Yes, it’s that time of year when we all look at our annual goals, both personal and professional, and say “oh” or maybe even “uh oh.” For businesses that employ an active strategic planning process, and by active, I mean regular monthly or quarterly reviews, the distance between where you wanted to be and where you are should be close. For those who don’t, I’m guessing there is a pretty wide gap between where you said you wanted to be and where you are.
Not to worry, let’s put some things in place to close that gap for next year. First, take a look at what your goals were and realistically measure how you did against them. Don’t give yourself a pass just yet on any of them, be brutally honest with yourself. You want to be measuring the delta between where you are and where you wanted to be. Now that you have the ugly truth staring you in the face, let’s examine what went wrong.
The debrief process is the best starting point for this. Ask yourself three questions:
- What went well?
- What did not go well?
- What will we change going forward?
Do this for each of your goals and you will likely see some common themes, for example:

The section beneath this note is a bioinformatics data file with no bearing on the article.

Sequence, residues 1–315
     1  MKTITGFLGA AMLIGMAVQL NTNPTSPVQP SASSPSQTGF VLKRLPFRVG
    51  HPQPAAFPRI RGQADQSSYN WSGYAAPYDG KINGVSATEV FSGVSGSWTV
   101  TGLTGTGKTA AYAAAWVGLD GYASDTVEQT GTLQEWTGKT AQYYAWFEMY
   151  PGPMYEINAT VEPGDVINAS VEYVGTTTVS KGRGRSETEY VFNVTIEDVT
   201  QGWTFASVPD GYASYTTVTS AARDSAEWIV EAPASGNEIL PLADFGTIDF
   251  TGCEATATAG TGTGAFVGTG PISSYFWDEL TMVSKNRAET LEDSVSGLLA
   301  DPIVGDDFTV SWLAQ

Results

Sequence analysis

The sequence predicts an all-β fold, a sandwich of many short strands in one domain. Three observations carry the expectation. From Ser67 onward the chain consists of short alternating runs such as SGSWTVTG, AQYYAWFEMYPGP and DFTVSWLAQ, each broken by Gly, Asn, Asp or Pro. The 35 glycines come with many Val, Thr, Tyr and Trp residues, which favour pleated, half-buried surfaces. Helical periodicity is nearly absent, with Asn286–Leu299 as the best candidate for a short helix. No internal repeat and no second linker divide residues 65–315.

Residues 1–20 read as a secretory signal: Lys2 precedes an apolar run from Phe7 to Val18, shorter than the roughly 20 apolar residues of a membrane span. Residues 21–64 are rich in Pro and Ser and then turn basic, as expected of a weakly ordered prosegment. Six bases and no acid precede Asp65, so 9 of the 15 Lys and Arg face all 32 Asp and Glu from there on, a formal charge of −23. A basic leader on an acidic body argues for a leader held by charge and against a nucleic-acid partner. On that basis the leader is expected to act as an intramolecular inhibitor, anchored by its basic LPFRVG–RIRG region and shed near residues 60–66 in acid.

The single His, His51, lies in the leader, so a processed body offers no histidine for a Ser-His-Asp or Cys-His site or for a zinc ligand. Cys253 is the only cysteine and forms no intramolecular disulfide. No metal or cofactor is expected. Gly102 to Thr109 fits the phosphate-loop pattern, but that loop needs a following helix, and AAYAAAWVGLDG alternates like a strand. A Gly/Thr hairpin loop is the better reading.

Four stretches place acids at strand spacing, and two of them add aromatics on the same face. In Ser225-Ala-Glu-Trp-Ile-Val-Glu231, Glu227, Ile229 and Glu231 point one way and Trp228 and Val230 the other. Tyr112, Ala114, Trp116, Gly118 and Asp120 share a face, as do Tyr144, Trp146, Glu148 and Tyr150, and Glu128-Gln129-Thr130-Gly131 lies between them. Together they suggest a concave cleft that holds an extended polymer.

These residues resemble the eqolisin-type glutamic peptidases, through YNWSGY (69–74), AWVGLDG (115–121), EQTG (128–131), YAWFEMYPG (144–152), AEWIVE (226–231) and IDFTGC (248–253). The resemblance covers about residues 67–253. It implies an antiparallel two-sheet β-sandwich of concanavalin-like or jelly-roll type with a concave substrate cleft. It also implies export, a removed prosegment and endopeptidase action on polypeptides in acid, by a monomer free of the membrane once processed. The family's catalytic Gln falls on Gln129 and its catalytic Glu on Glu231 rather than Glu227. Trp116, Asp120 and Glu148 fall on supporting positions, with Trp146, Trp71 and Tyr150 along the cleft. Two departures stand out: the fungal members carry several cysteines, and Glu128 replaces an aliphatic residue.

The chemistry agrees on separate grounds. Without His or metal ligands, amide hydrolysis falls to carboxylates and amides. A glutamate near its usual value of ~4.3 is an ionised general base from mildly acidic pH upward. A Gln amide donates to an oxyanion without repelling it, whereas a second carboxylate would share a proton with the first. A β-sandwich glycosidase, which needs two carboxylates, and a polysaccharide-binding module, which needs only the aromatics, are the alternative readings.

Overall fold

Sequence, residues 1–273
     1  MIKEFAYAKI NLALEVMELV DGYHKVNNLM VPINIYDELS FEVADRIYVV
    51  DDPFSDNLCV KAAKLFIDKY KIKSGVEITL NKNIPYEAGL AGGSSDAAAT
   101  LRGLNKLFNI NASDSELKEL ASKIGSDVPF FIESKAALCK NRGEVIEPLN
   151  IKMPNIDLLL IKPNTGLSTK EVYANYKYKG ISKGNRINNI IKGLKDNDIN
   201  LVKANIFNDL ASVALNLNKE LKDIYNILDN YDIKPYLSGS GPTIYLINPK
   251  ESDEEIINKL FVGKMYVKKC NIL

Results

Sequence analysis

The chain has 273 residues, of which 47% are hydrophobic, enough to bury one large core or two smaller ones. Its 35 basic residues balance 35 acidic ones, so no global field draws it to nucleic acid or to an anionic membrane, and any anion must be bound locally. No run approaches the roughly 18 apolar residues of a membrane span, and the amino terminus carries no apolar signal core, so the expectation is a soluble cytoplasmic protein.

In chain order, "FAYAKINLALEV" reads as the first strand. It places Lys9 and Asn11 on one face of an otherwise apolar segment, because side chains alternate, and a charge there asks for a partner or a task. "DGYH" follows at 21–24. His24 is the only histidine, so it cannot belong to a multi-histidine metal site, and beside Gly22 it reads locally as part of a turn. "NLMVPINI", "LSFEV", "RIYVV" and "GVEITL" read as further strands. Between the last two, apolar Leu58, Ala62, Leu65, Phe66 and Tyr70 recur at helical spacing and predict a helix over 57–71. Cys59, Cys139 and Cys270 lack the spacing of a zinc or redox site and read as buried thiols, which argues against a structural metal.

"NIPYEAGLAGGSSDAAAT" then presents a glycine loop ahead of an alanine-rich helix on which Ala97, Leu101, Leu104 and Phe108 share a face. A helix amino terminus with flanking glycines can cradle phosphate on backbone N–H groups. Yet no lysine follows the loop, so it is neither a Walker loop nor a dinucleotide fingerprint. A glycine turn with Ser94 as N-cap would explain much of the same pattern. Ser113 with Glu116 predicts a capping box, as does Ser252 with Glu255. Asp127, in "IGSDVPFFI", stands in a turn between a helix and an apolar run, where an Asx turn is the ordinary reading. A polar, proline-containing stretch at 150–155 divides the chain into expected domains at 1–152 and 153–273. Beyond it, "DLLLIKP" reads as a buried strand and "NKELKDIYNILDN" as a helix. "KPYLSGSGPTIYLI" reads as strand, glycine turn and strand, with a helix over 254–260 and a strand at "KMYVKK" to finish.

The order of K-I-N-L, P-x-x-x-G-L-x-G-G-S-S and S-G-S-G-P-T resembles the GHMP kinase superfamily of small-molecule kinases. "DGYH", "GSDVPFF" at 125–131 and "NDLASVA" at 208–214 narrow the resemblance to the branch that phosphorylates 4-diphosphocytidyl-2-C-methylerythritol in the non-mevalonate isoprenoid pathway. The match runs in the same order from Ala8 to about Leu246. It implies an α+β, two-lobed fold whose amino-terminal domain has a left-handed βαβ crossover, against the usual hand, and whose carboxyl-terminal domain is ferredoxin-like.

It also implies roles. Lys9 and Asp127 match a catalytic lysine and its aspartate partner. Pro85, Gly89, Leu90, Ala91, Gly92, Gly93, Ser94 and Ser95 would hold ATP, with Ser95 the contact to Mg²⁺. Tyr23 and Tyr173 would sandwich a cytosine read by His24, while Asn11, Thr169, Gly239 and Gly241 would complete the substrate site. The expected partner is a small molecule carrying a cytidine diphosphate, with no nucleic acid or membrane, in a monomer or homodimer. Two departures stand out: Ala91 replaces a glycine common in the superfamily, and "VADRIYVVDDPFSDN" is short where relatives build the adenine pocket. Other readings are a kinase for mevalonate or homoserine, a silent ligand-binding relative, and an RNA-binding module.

- You did not have the resources to make it happen – people, money, time, etc.
- You overestimated your team or the market capacity to make it happen
- You did not map out a clear process to make it happen – interim steps, tasks or goals along the way
- You did not set up regular checkpoints to measure progress
- You did not assign someone responsible for making it happen
- The vision for what it looked like when complete was not compelling
OK, no point in beating yourself up for what didn’t happen this year, but if you end up at the same place next year? That’s no good and points to a deeper, chronic issue.
Based on what your answers were to the debrief and the most common themes as to why something didn’t happen, start now to get next year’s goals on track for success. Start with a clear compelling vision or reason WHY each need to happen. Then fill in the gaps between today and the vision by starting with your “big rocks” or strategic objectives. Create 3-7 goals for each and adhere to the SMART goals premise which is that every goal should be – Specific, Measurable, Achievable, Results-Based, Time-Bound. Look at all your lessons learned from last year and scale back or scale up depending upon the problems in your process.
Lastly, hold yourself and your team accountable for what is agreed upon. Get everyone excited about the destination and your team will get you there. Hold regular meetings with progress updates and adjust as necessary due to outside or internal influences that change things as the year goes on.
Remember that if you’re running a business, or your life for that matter, without a plan, any road will take you there. Don’t you want to make sure you’re on the right one?